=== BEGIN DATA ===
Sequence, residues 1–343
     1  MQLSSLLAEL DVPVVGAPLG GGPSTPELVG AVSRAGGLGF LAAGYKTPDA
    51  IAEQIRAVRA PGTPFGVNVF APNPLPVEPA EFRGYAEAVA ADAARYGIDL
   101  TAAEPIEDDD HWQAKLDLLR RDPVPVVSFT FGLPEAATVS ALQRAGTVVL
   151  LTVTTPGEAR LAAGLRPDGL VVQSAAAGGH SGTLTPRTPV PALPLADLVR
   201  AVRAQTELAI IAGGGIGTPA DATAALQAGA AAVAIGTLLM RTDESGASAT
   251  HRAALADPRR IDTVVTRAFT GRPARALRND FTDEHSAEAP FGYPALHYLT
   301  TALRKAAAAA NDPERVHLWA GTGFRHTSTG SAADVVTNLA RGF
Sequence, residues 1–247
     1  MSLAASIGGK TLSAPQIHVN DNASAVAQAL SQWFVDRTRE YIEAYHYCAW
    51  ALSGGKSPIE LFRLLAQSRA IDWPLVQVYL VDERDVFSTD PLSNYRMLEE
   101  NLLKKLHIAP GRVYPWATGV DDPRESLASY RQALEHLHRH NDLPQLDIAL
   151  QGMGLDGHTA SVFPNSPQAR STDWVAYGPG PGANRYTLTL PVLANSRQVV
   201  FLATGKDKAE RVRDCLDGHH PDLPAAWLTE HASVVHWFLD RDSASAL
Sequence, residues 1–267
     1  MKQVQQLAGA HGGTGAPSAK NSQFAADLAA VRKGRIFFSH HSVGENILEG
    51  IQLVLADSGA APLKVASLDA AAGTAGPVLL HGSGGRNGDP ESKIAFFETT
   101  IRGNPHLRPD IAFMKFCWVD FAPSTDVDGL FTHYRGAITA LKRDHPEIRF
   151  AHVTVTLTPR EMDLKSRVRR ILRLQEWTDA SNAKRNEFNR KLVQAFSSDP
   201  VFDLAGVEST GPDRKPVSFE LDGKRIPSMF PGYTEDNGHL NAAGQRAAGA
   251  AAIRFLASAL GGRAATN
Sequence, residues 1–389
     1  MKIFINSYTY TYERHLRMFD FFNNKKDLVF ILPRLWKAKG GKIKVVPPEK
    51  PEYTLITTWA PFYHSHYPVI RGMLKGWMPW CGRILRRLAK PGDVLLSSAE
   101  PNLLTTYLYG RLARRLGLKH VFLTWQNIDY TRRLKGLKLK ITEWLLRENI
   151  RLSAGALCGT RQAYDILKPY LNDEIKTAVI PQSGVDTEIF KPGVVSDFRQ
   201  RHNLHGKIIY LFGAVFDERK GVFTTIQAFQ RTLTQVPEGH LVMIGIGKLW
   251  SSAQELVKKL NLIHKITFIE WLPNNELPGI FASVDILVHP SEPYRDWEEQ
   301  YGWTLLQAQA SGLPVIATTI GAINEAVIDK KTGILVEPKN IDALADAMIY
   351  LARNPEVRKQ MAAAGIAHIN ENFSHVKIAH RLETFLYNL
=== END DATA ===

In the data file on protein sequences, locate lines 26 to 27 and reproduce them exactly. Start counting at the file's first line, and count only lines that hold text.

   151  RLSAGALCGT RQAYDILKPY LNDEIKTAVI PQSGVDTEIF KPGVVSDFRQ
   201  RHNLHGKIIY LFGAVFDERK GVFTTIQAFQ RTLTQVPEGH LVMIGIGKLW